There is a conference called the Groundfish Forum (organized by the International Groundfish Forum) that grew out of an association of European fishermen and processors that also includes resource scientists and distributors, and it gathers around 100 participants to discuss issues related to the fisheries industry. I participated in the conference in 1995 through the introduction of a New Zealand company. This was before I became the president of Nissui.
――An Asian country was invited to the conference?
I participated not as a member but as a guest. I was also surprised at how far they had come. It was at that conference in 1996 that the current Marine Stewardship Council (MSC) announced that it was launching a certification system. Its move was also supported by Unilever, which was no longer a company that produced margarine and soap from whale oil as it had transitioned into a food company that sold large quantities of frozen fish stick products, especially in Europe.
――These are sticks that are battered and fried.
The main ingredient for these fish sticks is Atlantic cod, and for Unilever, conserving the stock for this ingredient is equivalent to protecting its core business. The Atlantic cod population along the Grand Banks of Newfoundland in Canada had already been decimated by overfishing, so I had a gut feeling at the time that there will be a global movement toward having serious discussions about the need to protect fishery resources.
――Didn’t the FAO publish its Code of Conduct for Responsible Fisheries in 1995?
Yes, it did. We went all out on that front. The Club of Rome’s The Limits to Growth was published in 1972, also the year of the inaugural United Nations Conference on the Human Environment. That was the start of everything, and a decade later in 1982, the United Nations Convention on the Law of the Sea was signed, even though its provisions did not enter into force until later.
Ten years later at the 1992 Earth Summit in Rio, an agreement was reached that general eco-label certification systems would be effective for protecting nature and resources, with Canada’s timber industry being the first to take action on this front. After the Forest Stewardship Council (FSC) was established in 1993 and expanded rapidly across Canada, MSC decided to emulate its certification system, which was not a bad idea at all.
――That was how the certification system expanded into the fisheries industry.
When MSC presented the idea of a seafood eco-label at the Groundfish Forum in 1996, there was an uproar. While the Scandinavian fishermen could not say no to the certification system because Unilever was their client, their Spanish counterparts were very much opposed to it. Spain’s seafood culture consists of many southern species of fish, such as the hake, whose stock status was not as critical as that of cod in Scandinavia. Despite the objections, the system was launched in 1997. However, MSC was confronted with many issues in its early days.
――Is one of the issues the lack of adoption of the certification system?
That’s right. It was not easy at all. No one knew about the certification system. MSC had to put in tremendous effort for more people to learn about the certification system and manage fishery resources based on scientific principles.
――What was the situation within Nissui at the time?
Nissui’s deep-sea fishing operations had practically ended by that point. Our last fleet of fishing vessels for salmon and trout was decommissioned in 1988. However, there were still some countries in which we were able to establish local companies to which we transferred our fishing vessels and continued to catch fish.
We were still able to catch fish in Argentina and Chile by establishing companies in those countries, even if the companies were 100% foreign-owned. New Zealand and the U.S. had regulations that we could only own 50% and 25% of the company equity, respectively, so we established joint ventures and transferred our vessels there. What was considered deep-sea fishing in Japan was regarded as offshore fishing in these countries.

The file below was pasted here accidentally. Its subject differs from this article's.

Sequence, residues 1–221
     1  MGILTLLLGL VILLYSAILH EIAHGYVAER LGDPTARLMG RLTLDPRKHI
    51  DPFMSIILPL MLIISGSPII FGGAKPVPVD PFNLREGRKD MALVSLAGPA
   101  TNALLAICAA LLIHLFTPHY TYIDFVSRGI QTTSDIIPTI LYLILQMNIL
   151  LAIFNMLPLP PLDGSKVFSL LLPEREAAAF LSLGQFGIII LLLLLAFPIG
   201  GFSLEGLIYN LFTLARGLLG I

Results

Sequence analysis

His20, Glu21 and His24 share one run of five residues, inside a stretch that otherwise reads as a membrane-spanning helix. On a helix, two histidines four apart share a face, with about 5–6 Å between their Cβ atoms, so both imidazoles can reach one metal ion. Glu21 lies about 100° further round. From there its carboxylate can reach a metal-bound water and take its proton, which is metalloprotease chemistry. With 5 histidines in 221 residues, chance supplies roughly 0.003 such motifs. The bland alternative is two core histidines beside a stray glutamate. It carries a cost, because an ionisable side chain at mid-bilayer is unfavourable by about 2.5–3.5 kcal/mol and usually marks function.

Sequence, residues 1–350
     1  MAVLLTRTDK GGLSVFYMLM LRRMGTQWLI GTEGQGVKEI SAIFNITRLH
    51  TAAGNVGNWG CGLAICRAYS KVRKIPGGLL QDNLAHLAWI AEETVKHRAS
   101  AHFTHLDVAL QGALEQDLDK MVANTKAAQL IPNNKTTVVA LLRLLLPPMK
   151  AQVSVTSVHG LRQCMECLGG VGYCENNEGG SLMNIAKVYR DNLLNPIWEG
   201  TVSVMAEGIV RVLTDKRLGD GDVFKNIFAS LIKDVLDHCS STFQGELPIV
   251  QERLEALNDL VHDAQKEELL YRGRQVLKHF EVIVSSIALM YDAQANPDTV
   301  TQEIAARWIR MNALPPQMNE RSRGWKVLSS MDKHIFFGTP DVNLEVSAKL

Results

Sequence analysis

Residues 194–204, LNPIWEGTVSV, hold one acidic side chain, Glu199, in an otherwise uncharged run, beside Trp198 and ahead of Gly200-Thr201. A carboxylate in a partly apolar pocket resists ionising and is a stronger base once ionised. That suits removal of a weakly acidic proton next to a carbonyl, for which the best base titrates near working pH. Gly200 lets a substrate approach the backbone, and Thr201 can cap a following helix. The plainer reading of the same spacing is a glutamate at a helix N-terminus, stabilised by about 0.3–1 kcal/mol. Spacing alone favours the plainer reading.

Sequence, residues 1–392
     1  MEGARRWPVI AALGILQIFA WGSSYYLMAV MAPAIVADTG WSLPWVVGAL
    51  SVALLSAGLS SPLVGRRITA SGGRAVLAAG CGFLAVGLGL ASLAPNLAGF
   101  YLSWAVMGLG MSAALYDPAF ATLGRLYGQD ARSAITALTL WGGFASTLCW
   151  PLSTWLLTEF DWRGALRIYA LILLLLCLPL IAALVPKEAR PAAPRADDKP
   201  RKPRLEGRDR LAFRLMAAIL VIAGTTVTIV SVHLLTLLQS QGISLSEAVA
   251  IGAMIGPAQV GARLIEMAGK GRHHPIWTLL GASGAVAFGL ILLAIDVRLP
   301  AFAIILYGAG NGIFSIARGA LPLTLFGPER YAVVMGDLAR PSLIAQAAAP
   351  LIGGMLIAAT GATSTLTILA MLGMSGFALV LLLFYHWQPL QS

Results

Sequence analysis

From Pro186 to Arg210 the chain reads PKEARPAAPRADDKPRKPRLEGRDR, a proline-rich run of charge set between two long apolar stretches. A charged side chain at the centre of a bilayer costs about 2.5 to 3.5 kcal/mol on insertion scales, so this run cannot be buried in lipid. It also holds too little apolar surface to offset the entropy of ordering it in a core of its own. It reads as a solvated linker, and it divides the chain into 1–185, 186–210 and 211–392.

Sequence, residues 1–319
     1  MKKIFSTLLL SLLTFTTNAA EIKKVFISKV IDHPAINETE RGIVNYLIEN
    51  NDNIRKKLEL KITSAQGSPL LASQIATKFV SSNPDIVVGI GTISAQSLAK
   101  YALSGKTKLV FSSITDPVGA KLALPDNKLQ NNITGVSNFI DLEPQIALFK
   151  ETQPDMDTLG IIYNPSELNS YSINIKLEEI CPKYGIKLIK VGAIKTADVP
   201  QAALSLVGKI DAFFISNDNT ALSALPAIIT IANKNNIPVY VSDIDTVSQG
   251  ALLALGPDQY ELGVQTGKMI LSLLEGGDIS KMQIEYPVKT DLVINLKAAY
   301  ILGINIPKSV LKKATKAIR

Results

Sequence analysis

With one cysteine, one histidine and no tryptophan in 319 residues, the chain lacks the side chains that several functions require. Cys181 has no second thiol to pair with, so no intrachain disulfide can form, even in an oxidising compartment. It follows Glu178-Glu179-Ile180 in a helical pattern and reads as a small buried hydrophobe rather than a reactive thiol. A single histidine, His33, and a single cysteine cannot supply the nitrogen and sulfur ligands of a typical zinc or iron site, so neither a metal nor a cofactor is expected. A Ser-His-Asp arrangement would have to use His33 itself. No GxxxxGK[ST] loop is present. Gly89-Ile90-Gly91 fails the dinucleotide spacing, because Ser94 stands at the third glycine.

――In other words, you were solely engaged in offshore fishing overseas while focusing on sales and processing in Japan?
We had no choice because it was no longer possible for us to catch fish on our own. We have also established a company in Alaska. Nissui used to catch around 1 million tons of Alaska pollock on its own in the past. We would then process the fish on our own trawlers and motherships, make fish paste, and sell it in Japan. That was how the fish paste industry developed in Japan.
The U.S. saw this and initially requested that we teach American fishing vessels how to catch Alaska pollock so that they could sell the fish they caught to Japan’s motherships. The idea that grew from this was a business in which the fishing would be performed by American vessels and the processing would be carried out in Japan. Although we had called this a joint venture, we were asked to build a processing plant in Alaska in the meantime, which effectively allowed the more resourceful country to take over the part that is more profitable. Therefore, as has been the case in the past, catching fish is not necessarily a profitable activity on its own.
――How was the movement to conserve fishery resources perceived within Nissui?
It was perhaps around 2005 when the word “sustainable” started trending. In 2006, when we formulated a policy of sustainable business moving forward, our company’s domestic sales department was very much against it. Some employees told me that if we went down this path, the company would not have anything left to sell.
――How did you alter the mindset of others in the face of such opposition?
It is always tough dealing with opposition. There is even a phrase called “superficial obedience.” However, as a practical matter, the times were evolving rapidly. Therefore, I continued to present to the company the trends that were taking hold in the rest of the world. I would prepare a policy statement at the start of each year and hold a management meeting in November with representatives from our group companies in Japan and abroad, where we have a series of discussions on what is happening around the world.
I retired from my position as the company’s president in 2012, but the situation has changed dramatically since 2018. The people who had opposed the idea of transforming Nissui into a company that was fully committed to sustainability in 2006 because of their fear that the company would have nothing left to sell were now leading the company.
In Part 2, Mr. Kakizoe, who had served in the top management of Nissui for over a decade and was appointed Chairman of the Marine Eco-Label Japan Council in 2016, will discuss the challenges facing Japan’s fisheries industry and the possible solutions. >>>
Original Japanese text by: Chiho Iuchi